Uster spoke about BlueVine outgrowing their factoring business, while FundThrough was growing enough to acquire it. “From the outside looking in, it looked like this might’ve been turning into a non-core asset for them, but yet very core for us.”
For FundThrough, the move is substantial. The company has acquired their largest competitor’s inaugural product. According to Uster, the move brings two companies together who are starkly similar in more ways than just the product they sell.
“We share similar cultures, we’re much smaller obviously as a whole, but our factoring business is bigger,” he said. “We share a similar mindset, we’re also a technology based business, our systems are quite similar, so the move [will] be an easier, elegant transition.”
“We determined that FundThrough is perfectly positioned to serve our factoring clients with the care and individual attention they need and deserve,” said Eyal Lifshitz, Co-founder and CEO of BlueVine. “Our factoring clients will be in great hands with FundThrough.”
Lifshitz spoke on his company’s growth, and how the move will allow the company to focus on better serving their existing customers. “Since launching BlueVine, we’ve been focused on the financial needs of small businesses and are very proud of what we’ve been able to accomplish. As we evolve our products and services, we continuously examine how we can better serve our customers at scale.”
According to Uster, fintech-inspired invoice factoring has sparked unprecedented interest in the financial world lately. While he is unsure of the reason, the engagement and inquiries FundThrough has received prior to the acquisition have been significantly higher than in the past.
“Something shifted over the last twelve months,” Uster said. “All of the sudden, without much branding, we have been getting a bunch of inquiries about partnering and providing this embedded invoice factoring solution.”
With their acquisition comes confidence, and it sounds like FundThrough is ready to be on the forefront of tech-infused financing. “[The acquisition] provides us the scale to be the partner of choice. We are now the players in the market,” Uster said.
“If you want to offer tech enabled instant funding on invoices in your B2B marketplace, FundThrough is now the solution.”
After having their entire industry threatened by pandemic-induced restrictions, the Canadian alternative finance space has started 2022 off with a bang. Canadian lending saw billions in growth, as the industry hopes to utilize fintech’s technology and the government’s new take on open banking to bring their industry back to full swing.
“Main Street small business recovery is looking very strong for 2022 as restrictions ease moving into the warmer weather,” said Tal Schwartz, Senior Advisor for the Canadian Lenders Association. “However, in the short term, lenders are paying close attention to the Omicron variant, and particularly how aggressive the federal government is prepared to be in terms of sustained subsidies.”
Despite the uncertainty of the next several months, Canadian finance seems to have a healthy balance of offering modern financial products alongside an effort a return to normalcy. The crypto-lender Ledn raised $70M USD for the world’s first crypto-secured mortgage product, while the BNPL company Flexiti received a $527M facility from the National Bank of Canada. Merchant Growth, a small business lender, also raised $4m in equity financing.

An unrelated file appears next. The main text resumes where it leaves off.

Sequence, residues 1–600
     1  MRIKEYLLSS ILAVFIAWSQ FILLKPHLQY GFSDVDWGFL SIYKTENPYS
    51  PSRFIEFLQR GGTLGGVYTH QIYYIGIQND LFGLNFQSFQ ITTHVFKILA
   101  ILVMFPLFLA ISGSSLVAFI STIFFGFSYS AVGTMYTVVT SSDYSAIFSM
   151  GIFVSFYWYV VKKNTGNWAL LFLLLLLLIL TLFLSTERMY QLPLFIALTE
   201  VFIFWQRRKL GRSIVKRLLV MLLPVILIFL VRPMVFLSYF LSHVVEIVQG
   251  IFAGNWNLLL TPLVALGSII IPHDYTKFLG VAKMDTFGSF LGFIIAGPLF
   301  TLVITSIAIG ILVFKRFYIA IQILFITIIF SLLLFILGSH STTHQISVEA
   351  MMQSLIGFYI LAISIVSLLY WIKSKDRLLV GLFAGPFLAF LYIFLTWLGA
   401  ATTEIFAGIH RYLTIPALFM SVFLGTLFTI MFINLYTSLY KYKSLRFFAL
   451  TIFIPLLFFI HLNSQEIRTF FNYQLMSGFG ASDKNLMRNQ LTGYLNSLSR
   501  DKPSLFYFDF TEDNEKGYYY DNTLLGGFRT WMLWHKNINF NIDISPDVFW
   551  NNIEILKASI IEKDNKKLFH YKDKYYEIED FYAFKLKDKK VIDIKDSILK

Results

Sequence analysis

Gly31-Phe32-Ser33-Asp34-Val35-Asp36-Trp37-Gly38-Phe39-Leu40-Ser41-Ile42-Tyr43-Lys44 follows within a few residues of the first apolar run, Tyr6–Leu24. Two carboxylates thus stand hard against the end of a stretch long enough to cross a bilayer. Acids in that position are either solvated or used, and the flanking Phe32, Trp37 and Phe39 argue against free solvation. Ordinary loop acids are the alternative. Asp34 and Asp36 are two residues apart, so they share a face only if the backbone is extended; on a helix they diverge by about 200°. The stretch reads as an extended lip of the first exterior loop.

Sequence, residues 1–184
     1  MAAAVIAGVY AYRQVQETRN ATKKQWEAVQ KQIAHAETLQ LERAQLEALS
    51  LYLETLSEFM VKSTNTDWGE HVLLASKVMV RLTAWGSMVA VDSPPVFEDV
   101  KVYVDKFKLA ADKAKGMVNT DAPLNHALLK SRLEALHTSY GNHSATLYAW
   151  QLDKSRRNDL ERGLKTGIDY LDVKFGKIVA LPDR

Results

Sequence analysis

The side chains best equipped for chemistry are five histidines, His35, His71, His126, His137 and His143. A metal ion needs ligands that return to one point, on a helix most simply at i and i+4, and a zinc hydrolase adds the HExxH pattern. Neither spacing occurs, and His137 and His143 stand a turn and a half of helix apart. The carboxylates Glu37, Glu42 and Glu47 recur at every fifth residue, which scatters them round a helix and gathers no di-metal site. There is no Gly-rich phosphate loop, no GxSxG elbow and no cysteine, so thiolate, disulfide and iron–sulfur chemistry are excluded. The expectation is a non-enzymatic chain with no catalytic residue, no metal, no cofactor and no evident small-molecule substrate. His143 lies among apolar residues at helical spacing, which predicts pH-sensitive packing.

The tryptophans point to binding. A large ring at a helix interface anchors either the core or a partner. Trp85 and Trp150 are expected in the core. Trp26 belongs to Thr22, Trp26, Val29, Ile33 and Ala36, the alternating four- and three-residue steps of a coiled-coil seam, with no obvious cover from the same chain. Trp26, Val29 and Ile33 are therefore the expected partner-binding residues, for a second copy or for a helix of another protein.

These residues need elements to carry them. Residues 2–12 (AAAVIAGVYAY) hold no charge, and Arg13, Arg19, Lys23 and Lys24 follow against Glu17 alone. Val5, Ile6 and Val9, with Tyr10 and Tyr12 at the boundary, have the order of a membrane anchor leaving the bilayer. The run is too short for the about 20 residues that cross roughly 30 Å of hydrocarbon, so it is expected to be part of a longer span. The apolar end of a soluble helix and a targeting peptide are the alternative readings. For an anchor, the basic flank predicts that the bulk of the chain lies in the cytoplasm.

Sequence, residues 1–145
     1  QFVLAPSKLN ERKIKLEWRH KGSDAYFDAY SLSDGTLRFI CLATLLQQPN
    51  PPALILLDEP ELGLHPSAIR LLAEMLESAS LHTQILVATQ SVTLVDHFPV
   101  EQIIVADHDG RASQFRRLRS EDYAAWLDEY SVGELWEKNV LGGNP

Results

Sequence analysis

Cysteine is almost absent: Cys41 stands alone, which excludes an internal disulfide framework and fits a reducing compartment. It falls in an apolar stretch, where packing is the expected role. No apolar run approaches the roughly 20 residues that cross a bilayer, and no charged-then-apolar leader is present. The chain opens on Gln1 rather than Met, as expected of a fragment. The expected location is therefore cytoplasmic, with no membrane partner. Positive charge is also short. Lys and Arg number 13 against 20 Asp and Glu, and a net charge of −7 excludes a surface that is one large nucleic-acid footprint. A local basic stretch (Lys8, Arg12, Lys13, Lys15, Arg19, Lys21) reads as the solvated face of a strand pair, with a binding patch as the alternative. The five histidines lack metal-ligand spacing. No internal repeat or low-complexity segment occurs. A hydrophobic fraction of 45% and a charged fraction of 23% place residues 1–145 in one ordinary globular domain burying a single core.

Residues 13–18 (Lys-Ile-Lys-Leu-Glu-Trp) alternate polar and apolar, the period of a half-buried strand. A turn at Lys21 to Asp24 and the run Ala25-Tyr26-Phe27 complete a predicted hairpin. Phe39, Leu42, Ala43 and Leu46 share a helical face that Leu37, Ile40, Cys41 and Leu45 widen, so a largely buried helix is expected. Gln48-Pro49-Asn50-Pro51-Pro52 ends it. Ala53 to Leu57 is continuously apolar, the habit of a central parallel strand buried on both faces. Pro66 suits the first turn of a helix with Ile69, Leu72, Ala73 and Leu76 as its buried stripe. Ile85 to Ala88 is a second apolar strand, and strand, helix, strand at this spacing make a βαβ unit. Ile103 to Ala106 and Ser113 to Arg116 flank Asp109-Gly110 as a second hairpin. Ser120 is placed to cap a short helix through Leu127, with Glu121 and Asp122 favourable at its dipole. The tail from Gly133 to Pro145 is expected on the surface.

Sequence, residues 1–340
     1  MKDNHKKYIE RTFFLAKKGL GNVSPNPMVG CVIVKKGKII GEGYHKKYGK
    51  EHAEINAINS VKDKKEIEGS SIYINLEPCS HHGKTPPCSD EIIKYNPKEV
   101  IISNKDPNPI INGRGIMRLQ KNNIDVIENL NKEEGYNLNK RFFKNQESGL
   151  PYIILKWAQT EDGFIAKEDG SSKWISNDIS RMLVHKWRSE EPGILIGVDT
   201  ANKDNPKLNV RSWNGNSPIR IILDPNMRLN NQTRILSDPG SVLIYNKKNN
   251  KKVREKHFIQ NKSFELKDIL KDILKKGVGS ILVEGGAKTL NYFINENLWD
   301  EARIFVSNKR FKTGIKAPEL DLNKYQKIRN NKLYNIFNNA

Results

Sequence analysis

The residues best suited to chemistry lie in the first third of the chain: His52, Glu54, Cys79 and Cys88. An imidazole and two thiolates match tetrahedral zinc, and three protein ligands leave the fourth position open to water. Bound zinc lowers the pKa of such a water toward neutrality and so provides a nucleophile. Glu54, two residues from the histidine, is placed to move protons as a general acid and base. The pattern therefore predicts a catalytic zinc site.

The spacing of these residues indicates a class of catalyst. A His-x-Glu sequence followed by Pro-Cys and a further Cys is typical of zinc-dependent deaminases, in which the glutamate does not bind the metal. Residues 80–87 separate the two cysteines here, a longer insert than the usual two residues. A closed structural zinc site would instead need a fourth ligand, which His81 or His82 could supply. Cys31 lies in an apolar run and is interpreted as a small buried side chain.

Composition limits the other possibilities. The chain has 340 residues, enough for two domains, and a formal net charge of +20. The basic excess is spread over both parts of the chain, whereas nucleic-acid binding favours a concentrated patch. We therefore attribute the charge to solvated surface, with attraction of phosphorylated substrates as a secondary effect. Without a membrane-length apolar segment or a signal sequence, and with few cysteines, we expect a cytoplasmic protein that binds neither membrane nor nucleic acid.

According to Schwartz, most lenders who stayed in business used the last year to deeply invest in their technology across the board.
“[Lenders] have equally repositioned themselves in ways that better service a post-pandemic SMB clientele,” he said. “There is significant effort among lenders to evolve into financial health dashboards of a business, rather than being viewed exclusively as a financing source.”
According to the numbers, there has been significant growth by two notable Canadian lenders that are acting both as a financial management tool and a lending source. Canada’s largest subprime lender goeast Ltd, and Borrowell, a mobile loan marketplace, achieved $2B in portfolios and 2M users respectively to end the year.
“Fintech platforms become more sticky and can capture more client data if they become a hub for business management, with financing simply being a component of their platform,” said Schwartz. “Fintech lenders are coming out of the pandemic much stronger and with a sharper mandate than before.”
Codat and Moody’s Analytics are partnering to bring the fintech’s API software into Moody’s CreditLens solution. The move will enable Moody users looking to fund small businesses the ability to access and manage all of the accounting data for the respective merchant looked to be funded.
Along with an effort to increase efficiency in the approval and funding processes, both companies seem to hope that the partnership will also improve access to capital for small businesses across the US.
“We find ourselves in a time of rapid change, where new approaches to financing and technology are becoming increasingly important to small businesses,” said Peter Lord, CEO & Co-Founder of Codat . “Moody’s Analytics has impressive global scale and reach, so this partnership holds the potential to meaningfully reverse the credit crunch facing SMEs while opening up new profitable lines of business for financial institutions.”